The post, operating with regularity and security, was quickly appreciated by the public and was very widely used. It extended its field of action, organised a regular service between Cairo and Alexandria, and installed its head office in Alexandria, in the old Place des Consuls, later renamed Place Sainte Catherine. Meratti died in 1843, when the business passed to his nephew, Tino Chini, another printer from Leghorn, who put his brother Amero Chini into the Cairo office which was established in the Rue Neuve, in the Mousky.

Communications with Europe having become more regular and, with the number of foreign colonies having considerably increased, Tino Chini brought into the business several compatriots to maintain the proper functioning of his postal service, and notably to strengthen the delivery service. Among them, Giacomo Muzzi, from Bologna, born in 1823, became his aide and adviser, and later his associate and the director of the enterprise, thanks to his lively intelligence and great energy. More enterprising than Chini, he knew how to give wings to the modest post of Meratti, which in a few years became a solid institution to which its owners gave the name of Posta Europea, or European Post. It gained rapidly in importance, replacing the government post in the favour of the public.

Giacomo Muzzi was the fourth and last child of Joseph Muzzi who, having spent a large fortune, died of grief, leaving the child at an early age to its feeble and suffering mother - and in destitution. Abandoning school, the young Muzzi took work as a typographer to help his family. Blessed with good qualities and a strong will, he quickly became one of the most active and skilful typographers in his town. Having established himself in Florence, he had many ups and downs and, immediately after his marriage to a young Florentine woman he embarked for Egypt. That was in 1846.

Upon arrival in Egypt he took up the profession of typographer and got to know the family of Tito Chini, who offered him the management of his printing works at Alexandria and a job in what was to become the Posta Europea. That was how Muzzi began in 1848. The competition from the government post had greatly discouraged Chini. However Muzzi, although very much affected by the terrible cholera epidemic of 1850, and by the grief caused by the death of his young wife, succeeded in surmounting his troubles by reactivating and reorganising his business, which became competition for the State postal service. In 1854 the railways started to develop in Egypt. The Posta Europea followed their extension. When the line from Alexandria to Cairo reached Kafr el Zayat, on the Nile, the Posta Europea opened offices at Atfe and Rosetta in 1854, and then later at Damanhour and Kafr el Zayat in 1855, and finally at Tanta, Benha and Birket el Sab in 1856, following the progress of the railways. In 1856 an agreement was made for five years with the Egyptian Transit Administration, which governed the railways, for transport of Posta Europea mail from Alexandria to Cairo, and vice-versa, for an annual payment of 72,000 piastres (18,000 francs).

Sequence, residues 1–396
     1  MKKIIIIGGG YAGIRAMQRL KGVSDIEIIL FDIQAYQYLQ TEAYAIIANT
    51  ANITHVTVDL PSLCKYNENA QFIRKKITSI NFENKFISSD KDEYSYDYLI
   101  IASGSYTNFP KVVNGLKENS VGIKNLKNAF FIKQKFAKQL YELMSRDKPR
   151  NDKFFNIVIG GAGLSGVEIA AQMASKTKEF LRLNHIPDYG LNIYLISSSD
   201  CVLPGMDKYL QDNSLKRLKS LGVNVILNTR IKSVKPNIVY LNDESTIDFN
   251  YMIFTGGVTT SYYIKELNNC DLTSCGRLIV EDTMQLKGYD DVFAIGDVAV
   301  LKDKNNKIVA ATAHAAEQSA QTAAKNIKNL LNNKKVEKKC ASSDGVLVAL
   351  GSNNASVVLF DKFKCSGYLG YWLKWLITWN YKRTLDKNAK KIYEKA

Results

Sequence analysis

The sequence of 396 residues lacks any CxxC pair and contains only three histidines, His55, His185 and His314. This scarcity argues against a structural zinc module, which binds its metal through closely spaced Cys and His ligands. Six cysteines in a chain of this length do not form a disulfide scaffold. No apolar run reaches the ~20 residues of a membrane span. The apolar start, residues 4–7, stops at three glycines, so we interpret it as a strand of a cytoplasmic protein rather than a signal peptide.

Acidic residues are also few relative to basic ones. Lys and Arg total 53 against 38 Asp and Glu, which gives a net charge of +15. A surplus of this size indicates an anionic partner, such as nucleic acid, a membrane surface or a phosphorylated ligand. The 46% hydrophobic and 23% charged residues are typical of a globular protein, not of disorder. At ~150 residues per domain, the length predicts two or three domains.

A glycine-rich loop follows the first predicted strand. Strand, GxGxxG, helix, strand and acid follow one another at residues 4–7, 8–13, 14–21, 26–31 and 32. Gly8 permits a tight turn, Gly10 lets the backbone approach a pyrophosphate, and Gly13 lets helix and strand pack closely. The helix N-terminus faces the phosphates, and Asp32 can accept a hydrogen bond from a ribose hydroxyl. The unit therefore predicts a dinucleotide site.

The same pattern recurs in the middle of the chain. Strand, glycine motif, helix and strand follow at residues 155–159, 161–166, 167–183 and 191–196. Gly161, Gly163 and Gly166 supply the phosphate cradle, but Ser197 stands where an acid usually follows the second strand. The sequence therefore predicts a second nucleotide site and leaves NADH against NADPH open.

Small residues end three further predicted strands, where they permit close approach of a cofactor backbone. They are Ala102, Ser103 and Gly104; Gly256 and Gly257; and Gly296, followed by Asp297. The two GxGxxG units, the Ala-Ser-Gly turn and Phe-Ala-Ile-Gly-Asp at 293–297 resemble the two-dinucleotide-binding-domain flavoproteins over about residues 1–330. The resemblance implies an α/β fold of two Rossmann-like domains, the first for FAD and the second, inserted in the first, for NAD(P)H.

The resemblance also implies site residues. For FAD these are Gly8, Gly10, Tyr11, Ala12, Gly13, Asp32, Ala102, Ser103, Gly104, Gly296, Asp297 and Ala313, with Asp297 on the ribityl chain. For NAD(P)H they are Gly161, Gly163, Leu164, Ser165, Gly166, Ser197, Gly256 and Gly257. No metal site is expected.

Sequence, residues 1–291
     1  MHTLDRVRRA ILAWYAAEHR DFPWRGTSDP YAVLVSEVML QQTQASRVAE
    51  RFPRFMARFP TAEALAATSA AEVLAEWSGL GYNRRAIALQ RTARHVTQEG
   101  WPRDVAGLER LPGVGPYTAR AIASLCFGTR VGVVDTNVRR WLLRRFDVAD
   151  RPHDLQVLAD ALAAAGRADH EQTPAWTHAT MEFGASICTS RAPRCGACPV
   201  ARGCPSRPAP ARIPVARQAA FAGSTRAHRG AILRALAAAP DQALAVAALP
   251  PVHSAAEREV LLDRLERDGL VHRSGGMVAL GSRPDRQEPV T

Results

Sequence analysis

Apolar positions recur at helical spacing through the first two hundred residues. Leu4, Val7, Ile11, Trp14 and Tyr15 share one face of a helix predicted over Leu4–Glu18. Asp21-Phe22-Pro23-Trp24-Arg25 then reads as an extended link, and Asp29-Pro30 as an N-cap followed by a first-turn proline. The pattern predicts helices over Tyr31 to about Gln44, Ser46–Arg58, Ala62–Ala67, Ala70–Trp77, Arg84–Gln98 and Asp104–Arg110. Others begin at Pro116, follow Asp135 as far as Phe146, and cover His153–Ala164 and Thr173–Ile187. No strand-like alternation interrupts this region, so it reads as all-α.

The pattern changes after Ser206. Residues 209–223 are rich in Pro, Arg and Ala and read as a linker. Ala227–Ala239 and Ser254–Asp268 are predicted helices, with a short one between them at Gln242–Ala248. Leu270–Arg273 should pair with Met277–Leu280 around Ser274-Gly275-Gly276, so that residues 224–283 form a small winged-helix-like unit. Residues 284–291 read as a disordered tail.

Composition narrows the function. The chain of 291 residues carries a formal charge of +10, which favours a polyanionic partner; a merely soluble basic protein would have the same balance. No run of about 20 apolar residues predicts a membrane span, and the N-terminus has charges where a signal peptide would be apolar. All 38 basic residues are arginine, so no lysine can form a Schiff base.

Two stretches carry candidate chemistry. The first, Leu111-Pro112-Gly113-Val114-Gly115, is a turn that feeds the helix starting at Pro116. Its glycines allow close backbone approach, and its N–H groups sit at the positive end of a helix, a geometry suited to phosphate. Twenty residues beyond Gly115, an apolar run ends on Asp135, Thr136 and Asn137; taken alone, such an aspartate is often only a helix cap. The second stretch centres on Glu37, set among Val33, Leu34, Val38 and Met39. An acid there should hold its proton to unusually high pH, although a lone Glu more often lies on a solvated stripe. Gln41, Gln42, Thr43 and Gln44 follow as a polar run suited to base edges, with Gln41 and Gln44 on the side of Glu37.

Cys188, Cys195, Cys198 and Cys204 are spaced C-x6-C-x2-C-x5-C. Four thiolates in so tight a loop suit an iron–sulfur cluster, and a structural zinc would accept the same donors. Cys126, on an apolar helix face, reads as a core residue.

This gave a monopoly to the Posta Europea and there were fines for infringement. From 1857 other offices had been successively opened at Damietta, Mansoura, Mehalla, Samanoud, Zagazig and Zifta. The line from Cairo to Suez across the desert was opened in November 1858 and it was probably then that the Suez office was opened. From 5 March 1862, the monopoly given in 1856 was transformed into an official postal monopoly for a period of ten years, by an edict of the Viceroy. This edict also allowed the Posta Europea free carriage of its mail bags on the State Railways, against which the Posta Europea management undertook to transport all government mail free of charge. The government thereupon ended almost completely its own postal service in Lower Egypt and the directors of the Posta Europea found themselves facing a task they felt unable to cope with, in spite of the substantial size of their establishment. They therefore approached the Italian Postal Service in Turin who sent them Vittorio Chioffi, a young Milanese whom Chini and Muzzi found to be an experienced organiser and the capable colleague they needed. With the increasing government and private mail, the office work involved in collecting postage charges was rapidly becoming too burdensome. So in 1863 Muzzi considered introducing a system of prepayment by means of postage stamps, a method which had proved its worth in many foreign countries.